In TV ratings parlance, what’s the make-good situation on that? Answer: There isn’t any (though some pent-up demand might dribble back).
For the most part, this is unlike what broadcast networks go through -- because TV advertisers have audience guarantees. Media money is accountable somewhere.
Last year those guarantees put some networks into difficult situations, as average key audiences for major broadcasters were down double-digit percentages. Among other things, this meant less quarter-by-quarter scatter inventory to sell.
This season is just getting started. At first blush -- the first week of the new season -- there was actually a slight viewership improvement of around 2& year-to-year, at least based on Nielsen C3 metrics (commercial ratings plus three days of time shifting).
But it probably won’t stay that way.
C3 numbers now seem to follow live-program-plus-same-day ratings in terms of percentage changes. And through the first three weeks of the season, overall average numbers for the four major English-language networks were down 3.4% -- to a 2.25 rating among 18-49 viewers. (In total viewers, the four networks were slightly higher than a year ago – a 0.4% gain to 8.11 million.)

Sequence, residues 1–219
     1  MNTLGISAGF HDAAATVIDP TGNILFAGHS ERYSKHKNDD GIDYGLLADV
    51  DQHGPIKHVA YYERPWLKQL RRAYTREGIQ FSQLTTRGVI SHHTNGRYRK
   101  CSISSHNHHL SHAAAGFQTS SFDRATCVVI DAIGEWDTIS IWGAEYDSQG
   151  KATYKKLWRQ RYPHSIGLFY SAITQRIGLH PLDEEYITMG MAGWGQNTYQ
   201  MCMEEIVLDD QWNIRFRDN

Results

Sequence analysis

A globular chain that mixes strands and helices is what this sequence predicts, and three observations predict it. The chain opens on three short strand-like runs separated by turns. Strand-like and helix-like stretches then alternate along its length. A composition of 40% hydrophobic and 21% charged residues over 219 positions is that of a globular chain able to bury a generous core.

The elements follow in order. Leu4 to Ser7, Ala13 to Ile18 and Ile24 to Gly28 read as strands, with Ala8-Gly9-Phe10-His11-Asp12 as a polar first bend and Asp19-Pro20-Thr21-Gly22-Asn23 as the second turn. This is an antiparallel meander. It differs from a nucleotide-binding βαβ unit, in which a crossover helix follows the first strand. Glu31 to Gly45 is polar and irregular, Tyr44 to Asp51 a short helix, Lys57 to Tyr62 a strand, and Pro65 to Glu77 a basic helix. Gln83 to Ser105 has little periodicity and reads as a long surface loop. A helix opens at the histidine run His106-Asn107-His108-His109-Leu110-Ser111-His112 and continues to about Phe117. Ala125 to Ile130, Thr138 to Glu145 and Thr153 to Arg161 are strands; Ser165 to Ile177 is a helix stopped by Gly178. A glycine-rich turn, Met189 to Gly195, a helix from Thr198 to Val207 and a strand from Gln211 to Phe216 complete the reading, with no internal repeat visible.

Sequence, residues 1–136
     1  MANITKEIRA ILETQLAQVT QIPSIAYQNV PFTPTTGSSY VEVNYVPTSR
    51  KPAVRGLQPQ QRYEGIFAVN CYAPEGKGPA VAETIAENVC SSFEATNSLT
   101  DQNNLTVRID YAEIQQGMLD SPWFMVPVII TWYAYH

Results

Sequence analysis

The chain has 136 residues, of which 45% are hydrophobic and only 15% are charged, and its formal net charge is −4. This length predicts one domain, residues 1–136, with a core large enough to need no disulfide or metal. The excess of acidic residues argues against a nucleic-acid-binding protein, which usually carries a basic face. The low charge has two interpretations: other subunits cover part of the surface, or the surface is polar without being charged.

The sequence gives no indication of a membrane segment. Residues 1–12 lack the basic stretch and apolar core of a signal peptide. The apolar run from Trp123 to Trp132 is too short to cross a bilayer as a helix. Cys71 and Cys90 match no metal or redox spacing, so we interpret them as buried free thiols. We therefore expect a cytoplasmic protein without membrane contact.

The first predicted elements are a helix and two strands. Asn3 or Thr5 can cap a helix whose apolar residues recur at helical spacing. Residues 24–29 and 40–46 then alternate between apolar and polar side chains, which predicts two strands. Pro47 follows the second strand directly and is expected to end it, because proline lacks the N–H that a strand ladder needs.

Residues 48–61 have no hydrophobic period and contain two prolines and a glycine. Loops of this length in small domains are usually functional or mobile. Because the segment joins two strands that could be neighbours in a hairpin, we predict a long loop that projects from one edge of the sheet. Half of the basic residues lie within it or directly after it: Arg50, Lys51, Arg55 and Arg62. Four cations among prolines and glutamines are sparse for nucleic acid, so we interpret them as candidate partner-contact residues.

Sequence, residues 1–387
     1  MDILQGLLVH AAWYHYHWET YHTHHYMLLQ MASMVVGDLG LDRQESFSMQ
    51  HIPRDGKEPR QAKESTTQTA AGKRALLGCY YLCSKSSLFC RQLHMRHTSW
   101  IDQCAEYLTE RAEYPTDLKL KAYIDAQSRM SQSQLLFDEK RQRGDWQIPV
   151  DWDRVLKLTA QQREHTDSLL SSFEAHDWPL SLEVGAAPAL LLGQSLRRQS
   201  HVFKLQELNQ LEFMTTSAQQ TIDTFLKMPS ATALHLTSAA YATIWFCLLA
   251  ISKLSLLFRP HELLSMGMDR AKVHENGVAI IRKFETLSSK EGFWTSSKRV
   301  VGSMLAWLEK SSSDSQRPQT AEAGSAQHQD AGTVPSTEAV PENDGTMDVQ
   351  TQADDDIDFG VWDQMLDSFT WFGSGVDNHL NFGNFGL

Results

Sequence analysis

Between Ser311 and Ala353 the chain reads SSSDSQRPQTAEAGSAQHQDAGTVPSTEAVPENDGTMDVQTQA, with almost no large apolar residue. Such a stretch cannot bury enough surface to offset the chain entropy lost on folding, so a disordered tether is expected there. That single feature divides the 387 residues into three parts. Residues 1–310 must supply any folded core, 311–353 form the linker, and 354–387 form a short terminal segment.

Still, the networks have seen an overall better-looking picture than a year ago when they witnessed double-digit declines in the initial weeks of C3 ratings. If this year’s better numbers hold up, it will mean less make-good inventory -- and a better chance for networks to sell a bit more inventory.
Then again some media executives believe upfront price hikes were a bit higher than they should have been, which could mean a dampening of TV sales activity.
In any event many TV marketplaces seem more orderly than a decade or so ago. Who has the upper hand? Networks and their “scarcity” play? Or media buying executives with seemingly more predictable media budgets from their clients? Albeit with some last minute go-ahead decisions.
The stock market seemingly acted along these lines over the last few days -- with, what else, a last minute go-ahead decision by Congress to keep the government going and raise the debt. Some say it was a “guarantee” for sure -- that the Federal government was going to pay for what was already agreed to.
Unlike traditional media, digital media platforms might tell marketers they only need to pay for what is delivered. But then questions of scale and reach come into play.
Ratings guarantees are still a precious component for national TV deals these days -- good for any network downturn, but not shutdown, situation.